Chinese, American hops dash Himachal hopes

By Vishal Gulati, IANS
Thursday, November 18, 2010

KEYLONG - A species of hops is a key ingredient in brewing beer and, true to its nature, it has left a bitter taste in the mouth of farmers in Himachal Pradesh thanks to cheaper varieties from China, the US and Germany.

Hops cultivators in Lahaul and Spiti district are planning to give up production as competing foreign varieties have flooded the Indian market. The crop has also been hit by too much rainfall.

“Foreign companies are supplying hops to the Indian brewery industry at much cheaper rates. To save the domestic industry from certain extinction, the import duty on hops should be hiked to 120 percent from the current 30 percent,” Gurdev Singh, director of the state’s horticulture department, told IANS.

Jammu and Kashmir was another state where the crop was cultivated. But fundamentalists in the state, opposed to the crop’s use in alcoholic drinks, forced farmers to stop its cultivation.

The controversy has started taking a toll on production.

Last year, Himachal Pradesh produced 47.2 tonnes of dry hops, which fell to 27 tonnes this year.

“There are two reasons for the decline. One, the area under cultivation has declined from 75 hectares to 65 hectares. Secondly, plentiful rainfall during monsoon months of July to September have damaged the crop,” Singh added.

Ishwar Dhyani, a farmer in Darcha village, said: “For the past 20 years we have been cultivating hops. Now, we have stopped the cultivation as the crop is not finding bulk buyers because of cheaper Chinese hops flooding the market.”

A huge stock of last year’s crop is still lying in stores, he added.

Amrit Lal, manager of the Lahaul Hops Marketing Society, said the entire crop remained unsold last year as international prices crashed due to a glut.

“But this year, the crop is likely to get good prices. Last year’s dried crop has been converted into pellets, which would be marketed this year,” he added.

The society is being run by around 500 farmers, mainly from the Lahaul Valley and adjoining areas. Most of the farmers are cultivating the crop on small land holdings.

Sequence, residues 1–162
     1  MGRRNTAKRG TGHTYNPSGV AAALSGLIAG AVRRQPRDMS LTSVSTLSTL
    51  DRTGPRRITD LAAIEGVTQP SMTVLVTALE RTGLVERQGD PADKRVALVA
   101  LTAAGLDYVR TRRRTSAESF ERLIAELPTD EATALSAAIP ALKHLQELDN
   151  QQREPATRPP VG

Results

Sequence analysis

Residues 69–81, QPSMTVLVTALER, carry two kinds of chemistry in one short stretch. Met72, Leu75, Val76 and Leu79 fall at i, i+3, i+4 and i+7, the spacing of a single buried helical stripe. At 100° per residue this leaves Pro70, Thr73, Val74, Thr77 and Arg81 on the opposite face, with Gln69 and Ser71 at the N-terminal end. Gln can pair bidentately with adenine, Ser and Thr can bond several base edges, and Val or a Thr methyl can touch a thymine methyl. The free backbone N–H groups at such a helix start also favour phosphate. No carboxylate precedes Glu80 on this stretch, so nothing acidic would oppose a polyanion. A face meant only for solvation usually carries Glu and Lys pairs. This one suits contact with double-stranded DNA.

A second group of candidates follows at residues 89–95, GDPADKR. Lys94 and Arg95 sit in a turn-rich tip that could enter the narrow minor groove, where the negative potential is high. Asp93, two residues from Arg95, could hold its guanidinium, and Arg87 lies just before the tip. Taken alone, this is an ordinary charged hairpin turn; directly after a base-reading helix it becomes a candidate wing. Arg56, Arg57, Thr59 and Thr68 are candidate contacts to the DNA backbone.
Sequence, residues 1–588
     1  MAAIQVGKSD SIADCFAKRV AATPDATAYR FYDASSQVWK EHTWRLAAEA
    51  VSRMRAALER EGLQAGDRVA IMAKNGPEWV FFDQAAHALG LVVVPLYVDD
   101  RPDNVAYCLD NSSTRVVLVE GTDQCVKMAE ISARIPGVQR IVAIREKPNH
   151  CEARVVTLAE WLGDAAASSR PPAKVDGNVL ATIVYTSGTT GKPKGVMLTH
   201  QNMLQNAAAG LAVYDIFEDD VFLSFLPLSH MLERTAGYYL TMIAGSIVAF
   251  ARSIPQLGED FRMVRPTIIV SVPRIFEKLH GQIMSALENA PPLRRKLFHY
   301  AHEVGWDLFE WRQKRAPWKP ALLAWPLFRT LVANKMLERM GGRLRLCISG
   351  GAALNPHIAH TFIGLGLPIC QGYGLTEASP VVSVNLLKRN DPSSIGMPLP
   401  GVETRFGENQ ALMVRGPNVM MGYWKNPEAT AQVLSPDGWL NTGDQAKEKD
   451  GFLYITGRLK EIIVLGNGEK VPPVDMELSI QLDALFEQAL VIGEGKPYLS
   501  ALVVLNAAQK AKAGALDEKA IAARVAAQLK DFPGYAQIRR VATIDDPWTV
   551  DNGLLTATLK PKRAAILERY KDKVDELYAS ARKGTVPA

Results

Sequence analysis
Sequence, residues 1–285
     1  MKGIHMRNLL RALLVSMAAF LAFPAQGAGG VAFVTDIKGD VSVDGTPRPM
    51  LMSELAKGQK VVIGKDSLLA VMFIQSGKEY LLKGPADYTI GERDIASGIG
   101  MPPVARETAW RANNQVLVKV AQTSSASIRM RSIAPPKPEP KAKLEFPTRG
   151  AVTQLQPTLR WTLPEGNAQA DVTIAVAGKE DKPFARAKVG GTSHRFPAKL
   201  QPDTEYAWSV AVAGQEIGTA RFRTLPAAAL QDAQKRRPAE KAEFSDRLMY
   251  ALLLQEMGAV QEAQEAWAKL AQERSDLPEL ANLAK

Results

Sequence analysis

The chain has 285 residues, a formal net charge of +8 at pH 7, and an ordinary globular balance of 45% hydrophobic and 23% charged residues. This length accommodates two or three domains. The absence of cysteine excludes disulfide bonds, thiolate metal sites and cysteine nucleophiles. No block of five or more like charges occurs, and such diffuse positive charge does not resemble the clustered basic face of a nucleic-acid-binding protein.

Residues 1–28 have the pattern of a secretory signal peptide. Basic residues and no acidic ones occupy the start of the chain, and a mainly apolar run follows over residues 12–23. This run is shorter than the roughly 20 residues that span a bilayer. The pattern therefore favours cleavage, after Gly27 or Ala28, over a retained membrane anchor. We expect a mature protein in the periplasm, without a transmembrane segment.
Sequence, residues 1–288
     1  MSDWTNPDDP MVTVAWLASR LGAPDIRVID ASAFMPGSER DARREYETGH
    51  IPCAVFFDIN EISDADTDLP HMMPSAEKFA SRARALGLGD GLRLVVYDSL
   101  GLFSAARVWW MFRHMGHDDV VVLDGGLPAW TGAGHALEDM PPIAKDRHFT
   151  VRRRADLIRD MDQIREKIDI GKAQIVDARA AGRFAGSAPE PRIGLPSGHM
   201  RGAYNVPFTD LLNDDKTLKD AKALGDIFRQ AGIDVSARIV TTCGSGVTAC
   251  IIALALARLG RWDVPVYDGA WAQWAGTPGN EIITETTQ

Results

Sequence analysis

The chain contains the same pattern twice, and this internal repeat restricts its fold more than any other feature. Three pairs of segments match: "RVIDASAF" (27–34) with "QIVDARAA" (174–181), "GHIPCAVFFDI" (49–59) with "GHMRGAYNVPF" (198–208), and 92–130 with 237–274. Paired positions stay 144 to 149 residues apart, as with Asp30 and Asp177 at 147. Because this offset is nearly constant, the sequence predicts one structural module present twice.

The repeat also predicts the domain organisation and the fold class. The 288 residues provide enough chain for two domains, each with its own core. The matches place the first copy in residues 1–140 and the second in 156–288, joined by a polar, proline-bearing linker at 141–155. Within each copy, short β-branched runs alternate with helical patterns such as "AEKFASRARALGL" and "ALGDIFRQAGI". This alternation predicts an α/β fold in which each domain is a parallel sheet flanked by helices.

Hops are dried in kilns before they are sold in the market for processing. The crop is ready for harvesting from August to September. Last year, the price of dry Indian hops was Rs.240 per kg.

The society has tied up with a private company, Aromatic Flora, based at Baddi in Solan district. The company, with a capacity to process 500 tonnes of hops annually, purchases the crop from farmers and sells it to distilleries after processing.

N.K. Gupta, deputy director of the horticulture department, said the maximum production of dry hops in the district was 130 tonnes in 1994. At that time, the area under cultivation was 215 hectares.

He said the entire Lahaul Valley has the potential to produce 1,000 tonnes of hops annually.

The state government is promoting the commercial cultivation of the Late Cluster variety as it has maximum alpha acid content, and is one of the best qualities in the world.

Lahaul and Spiti district, populated mainly by tribals, remains cut off from the rest of the country for more than six months a year due to heavy snowfall. The climatic condition of the landlocked district is harsh, and much of the land falls under cold desert conditions.

The other cash crops in the district are peas, cauliflower and potatoes, besides fruit crops like apple, pear, apricot, almond and plum.

(Vishal Gulati can be contacted at

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